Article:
I too dislike theory-jargon, though Berger and Sontag can be brilliant, and the latter’s aphorisms are as sharp and edgy as the best photographs. Jargon too-often masks wilful incompetence, downright ignorance and/or a kind of narcissistic enshrinement of the artist’s ego. The post-postmodern aesthetic is infatuated, it seems to me, with the process/image-series, to the detriment of the singular, powerful image. Often the images or vids in installations/exhibitions are utterly boring, requiring expositions in text which, when you peel away the layers, are wittering on about some idea that really doesn’t stand up to close examination (i.e. it’s a banal, dime-a-dozen idea).

    David Hockney, in the 1980s, thought digital photography (with its ability to photoshop alterations) might make the old decisive moment/witness aesthetic redundant, though it hasn’t really. On the other hand, phone-cameras have democratised photography to such an extent now that nearly everyone is expected to curate their own carousel of images.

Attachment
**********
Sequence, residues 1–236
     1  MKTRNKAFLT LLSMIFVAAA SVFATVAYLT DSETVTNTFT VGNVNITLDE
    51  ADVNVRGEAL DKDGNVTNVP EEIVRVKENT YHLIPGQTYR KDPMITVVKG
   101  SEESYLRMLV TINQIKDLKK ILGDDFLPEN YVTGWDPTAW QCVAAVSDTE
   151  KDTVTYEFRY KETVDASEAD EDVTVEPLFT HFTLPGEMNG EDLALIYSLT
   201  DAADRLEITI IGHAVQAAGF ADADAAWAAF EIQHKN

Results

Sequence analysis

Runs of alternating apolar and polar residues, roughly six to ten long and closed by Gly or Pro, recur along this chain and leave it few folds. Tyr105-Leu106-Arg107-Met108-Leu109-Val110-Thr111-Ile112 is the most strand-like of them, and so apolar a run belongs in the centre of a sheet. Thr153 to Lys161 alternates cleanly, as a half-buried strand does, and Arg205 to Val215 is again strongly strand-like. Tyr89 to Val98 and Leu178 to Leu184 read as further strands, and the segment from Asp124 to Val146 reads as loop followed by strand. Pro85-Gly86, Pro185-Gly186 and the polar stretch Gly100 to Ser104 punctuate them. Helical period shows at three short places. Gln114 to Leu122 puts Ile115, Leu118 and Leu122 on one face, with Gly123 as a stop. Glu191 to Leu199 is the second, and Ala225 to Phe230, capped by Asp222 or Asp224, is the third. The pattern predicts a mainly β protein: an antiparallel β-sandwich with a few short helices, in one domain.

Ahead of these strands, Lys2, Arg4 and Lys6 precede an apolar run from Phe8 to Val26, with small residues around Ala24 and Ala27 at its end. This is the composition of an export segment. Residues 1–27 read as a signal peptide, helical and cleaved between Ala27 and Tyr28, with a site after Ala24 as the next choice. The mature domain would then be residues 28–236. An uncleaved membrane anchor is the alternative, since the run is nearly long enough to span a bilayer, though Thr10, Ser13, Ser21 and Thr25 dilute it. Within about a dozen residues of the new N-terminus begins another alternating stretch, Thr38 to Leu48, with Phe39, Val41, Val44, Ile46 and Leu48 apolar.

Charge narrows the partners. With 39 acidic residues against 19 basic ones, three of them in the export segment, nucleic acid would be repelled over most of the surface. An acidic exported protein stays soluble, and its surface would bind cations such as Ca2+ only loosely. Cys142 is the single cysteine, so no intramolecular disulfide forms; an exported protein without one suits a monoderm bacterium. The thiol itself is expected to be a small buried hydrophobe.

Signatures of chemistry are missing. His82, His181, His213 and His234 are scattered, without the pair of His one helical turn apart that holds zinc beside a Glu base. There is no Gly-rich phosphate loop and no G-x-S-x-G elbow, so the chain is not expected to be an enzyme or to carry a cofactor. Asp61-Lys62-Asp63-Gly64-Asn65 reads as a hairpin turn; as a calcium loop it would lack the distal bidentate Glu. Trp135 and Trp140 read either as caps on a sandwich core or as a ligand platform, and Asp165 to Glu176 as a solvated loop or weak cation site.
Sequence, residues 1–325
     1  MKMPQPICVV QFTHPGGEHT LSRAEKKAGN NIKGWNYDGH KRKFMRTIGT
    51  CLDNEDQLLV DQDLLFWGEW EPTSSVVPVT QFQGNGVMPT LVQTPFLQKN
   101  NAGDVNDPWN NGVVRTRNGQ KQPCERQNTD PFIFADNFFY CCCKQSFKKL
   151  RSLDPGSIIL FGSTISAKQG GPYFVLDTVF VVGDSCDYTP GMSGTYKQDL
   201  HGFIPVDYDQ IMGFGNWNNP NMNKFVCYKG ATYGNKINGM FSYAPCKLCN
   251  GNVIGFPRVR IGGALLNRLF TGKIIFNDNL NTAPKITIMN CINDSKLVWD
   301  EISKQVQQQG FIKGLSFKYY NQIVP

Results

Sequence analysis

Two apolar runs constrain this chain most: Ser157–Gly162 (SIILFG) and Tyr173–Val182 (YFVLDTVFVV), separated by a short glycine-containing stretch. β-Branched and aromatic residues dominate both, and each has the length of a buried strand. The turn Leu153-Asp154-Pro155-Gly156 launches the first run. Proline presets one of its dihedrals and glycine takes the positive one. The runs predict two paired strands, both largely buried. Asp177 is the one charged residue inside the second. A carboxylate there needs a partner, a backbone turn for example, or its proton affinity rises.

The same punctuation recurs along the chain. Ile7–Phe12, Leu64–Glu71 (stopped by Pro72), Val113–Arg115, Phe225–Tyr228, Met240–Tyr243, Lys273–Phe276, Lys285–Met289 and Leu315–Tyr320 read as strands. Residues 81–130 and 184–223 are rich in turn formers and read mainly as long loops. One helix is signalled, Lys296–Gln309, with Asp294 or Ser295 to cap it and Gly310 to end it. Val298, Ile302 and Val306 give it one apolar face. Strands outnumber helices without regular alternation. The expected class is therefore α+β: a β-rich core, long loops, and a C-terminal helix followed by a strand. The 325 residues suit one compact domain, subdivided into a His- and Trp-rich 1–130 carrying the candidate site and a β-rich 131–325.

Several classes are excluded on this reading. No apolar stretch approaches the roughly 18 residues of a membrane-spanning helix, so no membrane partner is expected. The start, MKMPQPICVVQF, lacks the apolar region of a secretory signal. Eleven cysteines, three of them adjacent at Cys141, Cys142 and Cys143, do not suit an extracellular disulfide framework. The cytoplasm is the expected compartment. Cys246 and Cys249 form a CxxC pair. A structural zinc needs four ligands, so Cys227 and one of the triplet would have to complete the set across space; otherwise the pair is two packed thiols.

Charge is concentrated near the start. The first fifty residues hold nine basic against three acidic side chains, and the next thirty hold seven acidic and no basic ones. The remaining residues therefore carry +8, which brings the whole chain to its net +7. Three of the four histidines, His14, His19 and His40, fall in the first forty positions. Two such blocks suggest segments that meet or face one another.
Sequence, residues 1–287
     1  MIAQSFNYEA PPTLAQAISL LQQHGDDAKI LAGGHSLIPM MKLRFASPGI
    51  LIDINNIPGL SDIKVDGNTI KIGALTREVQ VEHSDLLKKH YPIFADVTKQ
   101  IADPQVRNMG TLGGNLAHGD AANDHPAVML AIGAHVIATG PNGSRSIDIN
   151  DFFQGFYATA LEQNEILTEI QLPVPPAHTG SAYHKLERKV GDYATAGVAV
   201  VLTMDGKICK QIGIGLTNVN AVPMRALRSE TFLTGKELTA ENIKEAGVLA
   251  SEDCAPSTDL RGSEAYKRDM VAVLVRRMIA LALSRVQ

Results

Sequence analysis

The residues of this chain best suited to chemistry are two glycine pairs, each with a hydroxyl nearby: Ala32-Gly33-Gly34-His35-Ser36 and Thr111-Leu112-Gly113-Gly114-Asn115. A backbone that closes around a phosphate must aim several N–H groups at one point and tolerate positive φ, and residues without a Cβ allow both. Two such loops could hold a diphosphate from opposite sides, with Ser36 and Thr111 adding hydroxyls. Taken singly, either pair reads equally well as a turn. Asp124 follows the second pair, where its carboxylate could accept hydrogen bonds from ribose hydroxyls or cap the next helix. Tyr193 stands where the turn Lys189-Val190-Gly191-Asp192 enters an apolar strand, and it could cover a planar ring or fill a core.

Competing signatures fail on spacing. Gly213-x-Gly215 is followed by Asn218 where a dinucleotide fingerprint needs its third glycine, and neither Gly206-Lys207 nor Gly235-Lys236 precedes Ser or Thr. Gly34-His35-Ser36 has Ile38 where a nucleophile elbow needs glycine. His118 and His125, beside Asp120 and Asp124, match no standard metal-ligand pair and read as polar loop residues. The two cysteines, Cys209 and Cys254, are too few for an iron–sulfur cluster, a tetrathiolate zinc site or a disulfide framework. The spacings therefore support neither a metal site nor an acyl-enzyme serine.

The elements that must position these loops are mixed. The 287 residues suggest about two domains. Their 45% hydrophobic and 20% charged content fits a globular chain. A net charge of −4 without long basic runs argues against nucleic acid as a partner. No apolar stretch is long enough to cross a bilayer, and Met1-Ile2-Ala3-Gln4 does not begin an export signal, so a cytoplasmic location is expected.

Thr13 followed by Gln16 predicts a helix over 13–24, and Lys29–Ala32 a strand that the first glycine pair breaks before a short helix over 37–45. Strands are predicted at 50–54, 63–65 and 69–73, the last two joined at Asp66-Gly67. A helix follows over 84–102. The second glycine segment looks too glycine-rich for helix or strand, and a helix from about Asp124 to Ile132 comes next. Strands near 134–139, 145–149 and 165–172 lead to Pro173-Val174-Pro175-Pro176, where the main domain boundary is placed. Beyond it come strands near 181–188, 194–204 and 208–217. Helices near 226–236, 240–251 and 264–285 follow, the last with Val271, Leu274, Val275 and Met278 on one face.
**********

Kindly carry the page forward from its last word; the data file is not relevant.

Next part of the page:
What it comes down to is, I still like images that speak (or appear to dream) for themselves.

    I blogged about this some time ago, if anyone’s interested: http://markgranier.blogspot.ie/2007_03_01_archive.html

    Reply

  2. I certainly agree with the gist of this article. I came to photography much the same way Scott did, by being smitten by certain images, initially the stark theatricality of Diane Arbus and the lonesome passing-throughness of Robert Frank. Then, while in Art School, I got to use a darkroom and discovered the magic of panning for milky blacks in a basin of developer. I don’t look down on commercial work per se, and it is true that the line between that and ‘fine art photography’ is always questionable. But I do think much commercial or borderline-commercial photography has a glossy sameness to it, like standard wedding photographs. I’ve all the time in the world though for the oddly brilliant image that leaps off he screen.

    David Hockney, in the 1980s, thought digital photography (with its ability to photoshop alterations) might make the old decisive moment/witness aesthetic redundant, though it hasn’t really. On the other hand, phone-cameras have democratised photography to such an extent now that nearly everyone is expected to curate their own carousel of images.